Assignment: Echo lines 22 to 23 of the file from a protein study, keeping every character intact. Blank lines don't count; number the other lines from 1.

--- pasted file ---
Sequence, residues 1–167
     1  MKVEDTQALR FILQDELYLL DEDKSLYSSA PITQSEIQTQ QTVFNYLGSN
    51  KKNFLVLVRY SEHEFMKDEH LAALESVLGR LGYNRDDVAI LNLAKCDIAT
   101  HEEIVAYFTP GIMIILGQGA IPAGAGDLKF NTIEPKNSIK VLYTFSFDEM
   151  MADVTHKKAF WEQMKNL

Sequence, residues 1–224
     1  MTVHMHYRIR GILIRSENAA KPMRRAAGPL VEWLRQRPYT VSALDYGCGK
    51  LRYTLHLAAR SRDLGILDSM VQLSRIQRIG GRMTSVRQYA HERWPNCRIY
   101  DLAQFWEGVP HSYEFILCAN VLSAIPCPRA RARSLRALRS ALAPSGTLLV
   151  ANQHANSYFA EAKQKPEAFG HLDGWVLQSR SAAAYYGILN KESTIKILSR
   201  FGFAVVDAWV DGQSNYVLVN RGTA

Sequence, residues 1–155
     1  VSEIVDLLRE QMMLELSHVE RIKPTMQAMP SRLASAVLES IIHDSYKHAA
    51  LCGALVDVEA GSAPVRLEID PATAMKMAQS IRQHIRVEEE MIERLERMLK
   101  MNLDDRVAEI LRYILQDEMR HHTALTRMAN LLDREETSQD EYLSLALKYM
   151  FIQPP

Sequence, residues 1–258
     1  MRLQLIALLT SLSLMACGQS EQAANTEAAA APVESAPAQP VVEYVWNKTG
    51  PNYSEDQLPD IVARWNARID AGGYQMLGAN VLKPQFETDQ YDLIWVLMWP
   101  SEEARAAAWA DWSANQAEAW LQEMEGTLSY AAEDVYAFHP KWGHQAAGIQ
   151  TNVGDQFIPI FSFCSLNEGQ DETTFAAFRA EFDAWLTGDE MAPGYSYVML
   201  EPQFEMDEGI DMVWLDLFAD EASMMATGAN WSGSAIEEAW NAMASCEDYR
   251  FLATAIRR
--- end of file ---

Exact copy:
   201  EPQFEMDEGI DMVWLDLFAD EASMMATGAN WSGSAIEEAW NAMASCEDYR
   251  FLATAIRR